In addition to the above, the E-commerce Law also sets out the requirements in relation to e-commerce contracts, e-payment, e-commerce dispute resolution, cybersecurity measures as well as platform policies.
With respect to live-show platforms, the Administrative Rule on Internet Live-show Service (the Live-show Rule) issued by the Cyberspace Administration of China (CAC) and effective as of 2016 applies. The Live-show Rule provides for, among others, that the live show platform operators must verify the real identity of the performers before allowing them to perform on the platforms and must maintain the technical capacity and management mechanisms to block the broadcasting of illegal shows immediately upon discovering the illegality.
With respect to operation of P2P lending platforms, the Provisional Measure for Administration of Network Lending Information Intermediate Services (P2P Measure) was issued by the China Banking Regulatory Commission, the MIIT, the Ministry of Public Security and the CAC and effective in 2016. The P2P Measure requires online lending information intermediaries to register with the local financial regulatory bodies upon their establishment, include online lending information intermediary in the business scope of their business licence and obtain a telecommunication business licence from MIIT. The local financial authorities shall categorise the operators and disclose their filing information to the public. P2P lending platforms shall check borrowers’ creditworthiness before allowing them to post borrowing requests on the platforms and to adopt proper measures to ensure information security. The P2P Measure also prohibits platform operators from, among other things:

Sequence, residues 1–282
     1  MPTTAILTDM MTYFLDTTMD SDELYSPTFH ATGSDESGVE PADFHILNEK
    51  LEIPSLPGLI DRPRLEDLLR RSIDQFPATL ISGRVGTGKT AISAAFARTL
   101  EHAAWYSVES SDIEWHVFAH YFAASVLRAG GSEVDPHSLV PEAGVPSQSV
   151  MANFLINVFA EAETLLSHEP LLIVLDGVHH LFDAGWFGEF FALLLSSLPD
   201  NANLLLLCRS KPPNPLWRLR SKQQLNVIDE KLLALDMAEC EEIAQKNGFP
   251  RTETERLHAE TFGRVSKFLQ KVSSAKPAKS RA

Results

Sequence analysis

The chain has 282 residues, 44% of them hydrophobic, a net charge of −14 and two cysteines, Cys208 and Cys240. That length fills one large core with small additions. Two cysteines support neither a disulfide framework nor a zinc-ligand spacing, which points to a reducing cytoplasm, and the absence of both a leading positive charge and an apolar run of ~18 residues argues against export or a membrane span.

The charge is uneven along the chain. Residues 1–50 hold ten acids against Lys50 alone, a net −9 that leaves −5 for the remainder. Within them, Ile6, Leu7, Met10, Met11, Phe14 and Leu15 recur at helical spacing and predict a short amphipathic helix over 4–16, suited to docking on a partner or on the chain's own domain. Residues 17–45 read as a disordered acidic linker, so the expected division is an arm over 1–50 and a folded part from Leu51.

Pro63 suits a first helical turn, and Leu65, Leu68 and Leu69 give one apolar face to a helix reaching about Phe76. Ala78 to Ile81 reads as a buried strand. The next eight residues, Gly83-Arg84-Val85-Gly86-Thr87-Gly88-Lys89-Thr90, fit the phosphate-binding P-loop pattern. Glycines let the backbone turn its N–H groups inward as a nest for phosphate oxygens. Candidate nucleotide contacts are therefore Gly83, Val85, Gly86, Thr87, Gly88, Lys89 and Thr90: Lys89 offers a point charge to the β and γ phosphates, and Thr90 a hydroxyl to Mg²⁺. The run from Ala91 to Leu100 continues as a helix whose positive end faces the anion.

- borrowing money through their P2P lending platforms for their own use or for use by their affiliates;
- directly or indirectly pooling money from borrowers;
- providing guarantees or assurance for repayment of principals or interest, or both;
- marketing lending products to those other than users registered with their platforms on a real-name basis;
- distributing banking, security, fund, insurance or trust products or tying lending products with banking, security, fund, insurance or trust products sold by third parties; or
- splitting financing projects.
In the year from 2017 to 2018, the Chinese government and relevant regulatory authorities issued various regulations governing the P2P online lending industry, including, among others, the Guidelines on Information Disclosure of the Business Activities of Online Lending Information Intermediaries, the Notice on Rectification of Cash Loan Business, the Notice on the Special Rectification and Inspection of Risk of Online Lending Intermediaries, the Notice on Conducting Compliance Inspections of Online Lending Intermediaries, the Compliance Checklist of Online Lending Information Intermediaries, or the Compliance Checklist. The main purpose is to regulate P2P industry behaviour and enhance supervision of the industry.